This directory was written by Patrick J Coskren, email@example.com .
Last modified August 2014.
This is the project directory for the second paper with the Hof
lab. A particular goal is being able to easily regenerate the papers
computations in a turnkey fashion.
To run, execute the file Scripts/regeneratePaperComputations.sh from the same
directory containing this README.TXT file, like so:
While this is a little awkward to invoke, it avoids a lot of "../" paths inside
the script, which I considered to be the larger gain.
Scripts/ParameterSets.csv contains a list of named parameter sets which are
selected in the first non-comment line of regeneratePaperComputations.sh. You
can modify it there to choose to run all the simulations with a different set
of parameters. All the .hoc scripts have been modified to get their parameters
The regeneratePaperComputations.sh assumes your computer has a copy of GNU
parallel, an extremely handy utility that takes a set of commands and splits
them across multiple CPU cores, collating the results for you.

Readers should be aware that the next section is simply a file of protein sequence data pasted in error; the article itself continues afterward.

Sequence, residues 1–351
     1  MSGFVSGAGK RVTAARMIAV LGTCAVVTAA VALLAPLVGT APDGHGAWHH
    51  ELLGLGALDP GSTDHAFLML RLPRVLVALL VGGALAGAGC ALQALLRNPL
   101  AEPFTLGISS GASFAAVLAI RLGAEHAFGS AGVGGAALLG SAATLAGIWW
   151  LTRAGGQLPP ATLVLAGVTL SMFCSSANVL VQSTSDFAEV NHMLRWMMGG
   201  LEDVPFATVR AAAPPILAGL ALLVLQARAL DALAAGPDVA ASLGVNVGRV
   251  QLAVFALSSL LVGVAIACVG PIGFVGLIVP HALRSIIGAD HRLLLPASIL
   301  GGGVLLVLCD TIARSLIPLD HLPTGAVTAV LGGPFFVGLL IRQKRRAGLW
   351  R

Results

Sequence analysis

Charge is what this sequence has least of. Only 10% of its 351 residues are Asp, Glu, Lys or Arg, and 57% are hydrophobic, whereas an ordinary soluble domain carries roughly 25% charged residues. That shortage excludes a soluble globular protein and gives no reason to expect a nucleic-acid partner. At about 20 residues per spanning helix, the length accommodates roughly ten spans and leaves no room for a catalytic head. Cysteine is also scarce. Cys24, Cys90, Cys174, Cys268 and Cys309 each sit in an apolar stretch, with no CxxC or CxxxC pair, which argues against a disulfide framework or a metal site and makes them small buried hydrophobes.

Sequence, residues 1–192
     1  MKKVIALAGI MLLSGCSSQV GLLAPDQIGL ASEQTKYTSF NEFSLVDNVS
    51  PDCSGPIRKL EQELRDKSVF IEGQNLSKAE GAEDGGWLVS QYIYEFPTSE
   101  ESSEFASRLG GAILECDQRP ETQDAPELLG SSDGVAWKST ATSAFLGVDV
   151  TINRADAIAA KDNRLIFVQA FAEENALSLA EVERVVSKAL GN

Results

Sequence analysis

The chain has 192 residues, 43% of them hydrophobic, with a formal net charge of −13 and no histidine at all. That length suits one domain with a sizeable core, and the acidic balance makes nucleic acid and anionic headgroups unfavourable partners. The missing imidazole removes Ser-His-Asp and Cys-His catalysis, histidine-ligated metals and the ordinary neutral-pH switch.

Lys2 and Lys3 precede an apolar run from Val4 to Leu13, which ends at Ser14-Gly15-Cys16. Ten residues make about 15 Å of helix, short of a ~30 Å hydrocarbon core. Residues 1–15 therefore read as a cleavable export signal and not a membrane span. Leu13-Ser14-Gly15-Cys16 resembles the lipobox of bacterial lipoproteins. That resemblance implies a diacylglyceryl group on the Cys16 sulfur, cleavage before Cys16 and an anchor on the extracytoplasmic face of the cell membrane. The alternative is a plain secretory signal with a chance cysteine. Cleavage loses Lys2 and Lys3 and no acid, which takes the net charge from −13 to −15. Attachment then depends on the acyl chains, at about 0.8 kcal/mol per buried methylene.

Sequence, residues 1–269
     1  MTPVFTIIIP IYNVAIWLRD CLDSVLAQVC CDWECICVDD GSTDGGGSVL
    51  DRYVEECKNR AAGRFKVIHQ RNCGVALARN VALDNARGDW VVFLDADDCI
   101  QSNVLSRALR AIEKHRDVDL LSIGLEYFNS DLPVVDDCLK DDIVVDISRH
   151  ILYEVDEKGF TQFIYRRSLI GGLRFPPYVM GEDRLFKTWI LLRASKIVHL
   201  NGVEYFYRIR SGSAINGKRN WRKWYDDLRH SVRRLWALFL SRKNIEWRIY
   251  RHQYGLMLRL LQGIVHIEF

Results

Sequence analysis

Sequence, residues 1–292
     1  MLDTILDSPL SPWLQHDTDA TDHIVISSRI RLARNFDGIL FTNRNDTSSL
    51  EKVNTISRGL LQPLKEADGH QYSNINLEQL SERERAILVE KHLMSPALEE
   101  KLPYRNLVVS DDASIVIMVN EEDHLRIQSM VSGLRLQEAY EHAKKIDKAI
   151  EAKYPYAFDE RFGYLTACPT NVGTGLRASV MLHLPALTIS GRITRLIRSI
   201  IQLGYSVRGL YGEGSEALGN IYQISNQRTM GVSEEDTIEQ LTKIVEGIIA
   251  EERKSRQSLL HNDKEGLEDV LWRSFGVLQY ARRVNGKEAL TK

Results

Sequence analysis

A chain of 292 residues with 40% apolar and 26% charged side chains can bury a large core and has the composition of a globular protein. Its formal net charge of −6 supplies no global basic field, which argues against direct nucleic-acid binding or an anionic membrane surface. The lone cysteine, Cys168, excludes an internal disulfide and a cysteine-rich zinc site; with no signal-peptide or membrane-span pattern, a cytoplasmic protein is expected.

<http://www.gnu.org/software/parallel/> For computations like the ones here,
that are largely independent of each other and require little RAM or disk space,
this gives a nearly linear speedup with the number of cores. On some systems,
you may want to add an extra argument to the calls to parallel that sets the
number of cores manually: this is because some Intel chips provide
"hyperthreading", which looks to the operating system like two CPU cores for
every single CPU core that's present. This is handy when you're running lots of
jobs that aren't CPU-bound (which is the typical case in most computers), but
when the CPU is the limiting factor, hyperthreading just adds overhead, and
you're better off manually setting the number of cores to what you really have.
See 'man parallel' for details. The extra overhead isn't that much, so if
you're not sure whether your CPU uses hyperthreading, there's no harm in just
not worrying about it.
Another goal of this code re-organization was to move all computation (stats,
generally) from Excel to R; not because I have a problem with spreadsheets per
se, but because I found they made it difficult to audit the formulas to be
certain they were doing what I thought they were. Moving all the data tables to
.CSV and all the computations to R provides an extra degree of transparency and
The code in Scripts/NeuronMechanims will need to be rebuilt with nrnivmodl on
the host system.
The only purpose of NumericalResults-Baseline was to provide something to diff
against when I modified the scripts in a way that was intended just to clean up
code, just to make sure that I didn't break something in the process.